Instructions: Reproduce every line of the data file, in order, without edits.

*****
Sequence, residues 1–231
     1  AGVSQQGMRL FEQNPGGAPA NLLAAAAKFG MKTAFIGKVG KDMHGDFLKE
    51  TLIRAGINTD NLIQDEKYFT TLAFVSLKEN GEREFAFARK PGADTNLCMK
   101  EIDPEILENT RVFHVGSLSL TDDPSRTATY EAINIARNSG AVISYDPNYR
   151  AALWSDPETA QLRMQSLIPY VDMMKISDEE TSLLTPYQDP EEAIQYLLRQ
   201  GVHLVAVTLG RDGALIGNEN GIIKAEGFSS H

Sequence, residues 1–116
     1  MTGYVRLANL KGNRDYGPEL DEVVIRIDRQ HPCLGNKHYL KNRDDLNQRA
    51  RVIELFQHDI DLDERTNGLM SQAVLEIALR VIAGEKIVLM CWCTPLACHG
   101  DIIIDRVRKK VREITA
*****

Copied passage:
Sequence, residues 1–231
     1  AGVSQQGMRL FEQNPGGAPA NLLAAAAKFG MKTAFIGKVG KDMHGDFLKE
    51  TLIRAGINTD NLIQDEKYFT TLAFVSLKEN GEREFAFARK PGADTNLCMK
   101  EIDPEILENT RVFHVGSLSL TDDPSRTATY EAINIARNSG AVISYDPNYR
   151  AALWSDPETA QLRMQSLIPY VDMMKISDEE TSLLTPYQDP EEAIQYLLRQ
   201  GVHLVAVTLG RDGALIGNEN GIIKAEGFSS H

Sequence, residues 1–116
     1  MTGYVRLANL KGNRDYGPEL DEVVIRIDRQ HPCLGNKHYL KNRDDLNQRA
    51  RVIELFQHDI DLDERTNGLM SQAVLEIALR VIAGEKIVLM CWCTPLACHG
   101  DIIIDRVRKK VREITA